Summary of Fable:
Two mice cousins compare their different lives and realize they each prefer their own over the other.





The Fox and the Stork
Fable Synopsis:
This story is ideal for teaching children about being sensitive to other people.. They can also discuss the reason two wrongs do not make a right.

Summary of Fable:
A fox and a stork have very different needs for eating soup; the fox can lap from a shallow bowl but the stork can slurp her soup from a jar with a long neck. Unfortunately, they do not see eye to eye.

Honesty and Trustworthiness
Motivation:
Have you ever told a lie you wished you hadn't? What happened because of your lie?
Do you think the boy was right to trick the townspeople? What should he have done instead? How do you think the townspeople felt being lied to?
What do you think is the moral of the fable?

Activities:
Create flashcards with scenarios of events in which children are prone to lie about. i.e.: incomplete homework or breaking something. Have the students read them and think of ways to fix the situation. Have them share their ideas within a small group.
Have the children write a letter to the shepherd boy telling him how they would have handled the situation.
Have the students create a puppet show based on the fable that can be performed in other classrooms demonstrating what they learned about honesty and trustworthiness.
The Shepherd Boy and the Wolf
Fable Synopsis:
This story is ideal for teaching children about honesty and trustworthiness. They can have discussions on the consequences of dishonesty.

Summary of Fable:
A boy who tends sheep plays tricks on his neighbor claiming a wolf is there to eat the sheep. When it really happens, no one believes him.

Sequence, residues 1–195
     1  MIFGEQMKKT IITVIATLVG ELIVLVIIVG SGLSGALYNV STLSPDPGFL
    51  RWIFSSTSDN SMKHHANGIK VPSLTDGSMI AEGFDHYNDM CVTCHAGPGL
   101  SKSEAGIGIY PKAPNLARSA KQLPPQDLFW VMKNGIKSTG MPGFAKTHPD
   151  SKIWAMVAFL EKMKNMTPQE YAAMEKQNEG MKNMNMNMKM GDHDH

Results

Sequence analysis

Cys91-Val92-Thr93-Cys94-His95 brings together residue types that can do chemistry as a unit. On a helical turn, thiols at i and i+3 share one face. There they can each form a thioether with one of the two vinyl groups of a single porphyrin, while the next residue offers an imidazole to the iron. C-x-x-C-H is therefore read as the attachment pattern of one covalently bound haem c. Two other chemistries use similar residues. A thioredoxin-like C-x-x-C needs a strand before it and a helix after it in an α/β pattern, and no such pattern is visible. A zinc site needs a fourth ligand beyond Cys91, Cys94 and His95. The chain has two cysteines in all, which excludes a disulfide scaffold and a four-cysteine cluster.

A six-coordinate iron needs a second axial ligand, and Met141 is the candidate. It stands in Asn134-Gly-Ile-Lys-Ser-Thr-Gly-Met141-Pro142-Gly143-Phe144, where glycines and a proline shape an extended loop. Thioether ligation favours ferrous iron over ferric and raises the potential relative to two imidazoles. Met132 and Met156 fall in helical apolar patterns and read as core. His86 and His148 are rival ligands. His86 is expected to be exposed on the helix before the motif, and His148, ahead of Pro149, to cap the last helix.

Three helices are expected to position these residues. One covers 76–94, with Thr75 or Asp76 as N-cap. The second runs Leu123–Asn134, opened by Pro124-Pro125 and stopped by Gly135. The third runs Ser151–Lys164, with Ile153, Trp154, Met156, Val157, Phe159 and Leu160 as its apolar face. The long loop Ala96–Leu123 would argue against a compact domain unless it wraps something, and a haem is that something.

Aesop's Fables
My Final Project Summary Statement
Personal Core Values
I believe that all students deserve an exceptional education where they learn that they are valued, cared for, they matter to the world, and they can be whatever they wish to be. I believe it's my duty to model good moral behavior for my students. I became a teacher to make a difference and in turn I want my students to do the same. Honor, Respect, Empathy, and Honesty are just a few moral codes we adhere to in my classroom.
Personal Strengths as a Moral Model
My strengths as a moral model are;
I respect the worth and value of all people.
I have a strong sense of self, a clear conscience, positive self-esteem.
I am empathetic.

I hold these values in high regard when working with administrators, staff, parents, and students. I am mindful of other and their needs. I put my students first and I am always there for them when they need me.
Who am I as a Future Educational Leader?
I want to be someone who can look in the mirror and be proud of myself. I want to know that I've done everything in my power to make my students better human beings. I want to model to my students and their families, my peers and supervisors the right character traits and live by them. Being a leader means living an exemplary life that others would want to emulate. I plan to be that kind of leader.
Future Moral Leadership